The colorful notion of the siloviki – power-wielders or men-of-power – that just a year ago seemed to convey an essential characteristic of Russian President Vladimir Putin’s regime, has all but disappeared from Russian political discourse. With the surprise mid-December nomination of Dmitry Medvedev as the Kremlin’s choice to be the next president and his firmly orchestrated election a month ago, the leaders of law-enforcement structures and the top brass have humbly retreated to the shadows. The aggressive “patriotic” rhetoric and demonstrations of military might have been toned down, and the mundane themes of inflation, small business development, and corruption have dominated public debates, instead.
This relaxed political climate suddenly changed last week with the flow of news about discontent in the “power structures” amounting to a new round of the internecine war among the special services last autumn (Gazeta.ru, March 29; EDM, October 11, 2007). The first wave of rumors was about the frustration in the military leadership over the cadre decisions of Defense Minister Anatoly Serdyukov, who allegedly sought to replace generals with civilian specialists (Nezavisimaya gazeta, March 24). Then the dry official notice about the retirement of First Deputy Interior Minister Alexander Chekalin and his replacement by 43-year old Lieutenant-General Mikhail Suhodolsky brought speculations about forthcoming “purges” in this ministry (Vremya novostei, March 27). Finally, on Friday (March 28) afternoon the news broke about an avalanche of resignations in the Investigation Committee of the State Prosecution Service, including Dmitry Dovgy, the head of the Main Investigation Department (Newsru.com, March 28). The particular issues that are triggering these overlapping scandals are obviously unconnected, but the growing disorder in the key pillars of power is unmistakable.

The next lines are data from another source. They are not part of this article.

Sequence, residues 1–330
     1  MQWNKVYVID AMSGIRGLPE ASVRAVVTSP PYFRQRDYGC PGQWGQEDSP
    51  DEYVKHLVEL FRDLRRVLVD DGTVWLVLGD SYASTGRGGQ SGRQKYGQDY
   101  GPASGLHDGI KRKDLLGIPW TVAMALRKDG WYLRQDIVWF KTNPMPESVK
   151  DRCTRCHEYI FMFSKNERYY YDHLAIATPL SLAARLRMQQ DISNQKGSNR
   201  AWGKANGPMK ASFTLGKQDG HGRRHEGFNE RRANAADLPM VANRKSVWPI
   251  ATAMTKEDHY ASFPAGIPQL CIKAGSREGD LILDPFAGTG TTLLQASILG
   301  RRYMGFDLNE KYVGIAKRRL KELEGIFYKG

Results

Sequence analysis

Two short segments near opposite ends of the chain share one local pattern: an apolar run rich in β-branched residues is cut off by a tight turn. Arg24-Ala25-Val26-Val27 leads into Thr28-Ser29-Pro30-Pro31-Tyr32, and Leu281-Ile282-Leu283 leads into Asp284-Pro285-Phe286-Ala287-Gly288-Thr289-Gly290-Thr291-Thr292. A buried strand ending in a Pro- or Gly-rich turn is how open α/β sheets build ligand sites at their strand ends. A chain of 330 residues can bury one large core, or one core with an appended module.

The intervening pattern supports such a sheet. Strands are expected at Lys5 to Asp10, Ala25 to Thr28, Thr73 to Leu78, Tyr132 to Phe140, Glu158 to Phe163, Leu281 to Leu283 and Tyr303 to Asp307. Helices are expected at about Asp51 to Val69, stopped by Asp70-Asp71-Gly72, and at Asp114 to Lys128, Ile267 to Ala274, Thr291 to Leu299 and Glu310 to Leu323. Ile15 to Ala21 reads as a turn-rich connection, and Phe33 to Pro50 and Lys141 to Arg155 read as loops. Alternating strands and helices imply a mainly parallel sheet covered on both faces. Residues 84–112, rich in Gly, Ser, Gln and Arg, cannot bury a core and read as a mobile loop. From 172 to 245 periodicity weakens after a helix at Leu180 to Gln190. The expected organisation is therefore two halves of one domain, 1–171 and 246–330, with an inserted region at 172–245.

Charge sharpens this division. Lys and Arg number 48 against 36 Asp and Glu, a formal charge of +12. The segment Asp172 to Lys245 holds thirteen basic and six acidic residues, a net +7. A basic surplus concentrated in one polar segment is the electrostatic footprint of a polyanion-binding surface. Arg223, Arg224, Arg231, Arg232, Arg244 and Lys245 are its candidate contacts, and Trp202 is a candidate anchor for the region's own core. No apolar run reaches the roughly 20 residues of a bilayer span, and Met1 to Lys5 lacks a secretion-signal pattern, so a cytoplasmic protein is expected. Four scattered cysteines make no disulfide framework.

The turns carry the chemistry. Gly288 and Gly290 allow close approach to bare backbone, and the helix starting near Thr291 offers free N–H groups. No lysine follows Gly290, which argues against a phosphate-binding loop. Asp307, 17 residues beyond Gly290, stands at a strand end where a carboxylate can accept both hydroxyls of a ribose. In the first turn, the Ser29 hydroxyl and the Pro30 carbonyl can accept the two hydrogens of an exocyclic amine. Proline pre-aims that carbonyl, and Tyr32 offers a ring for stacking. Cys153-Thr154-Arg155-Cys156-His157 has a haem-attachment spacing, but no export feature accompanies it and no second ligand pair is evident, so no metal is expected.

The situation in the armed forces is driven by genuine puzzlement in the officer corps about one dimension of leadership that the new commander-in-chief has no experience in – and shows no interest in acquiring – security matters, a glaring gap as the defense minister has experience only in financial matters. The ongoing corruption investigations are scary only for a narrow group in the colossal military bureaucracy, but their screams amplify the general grumble caused by the lack of attention to deeper problems in the army. The Defense Ministry issued a statement denying any “military opposition,” but Yuri Baluyevsky, the chief of the General Staff and the most authoritative senior officer, remains uncharacteristically silent (Kommersant, March 27). This brewing discontent might seem insignificant, but in fact it will limit Putin’s space for maneuvering during his forthcoming trip to the NATO summit in Bucharest (Ezhednevny zhurnal, March 28).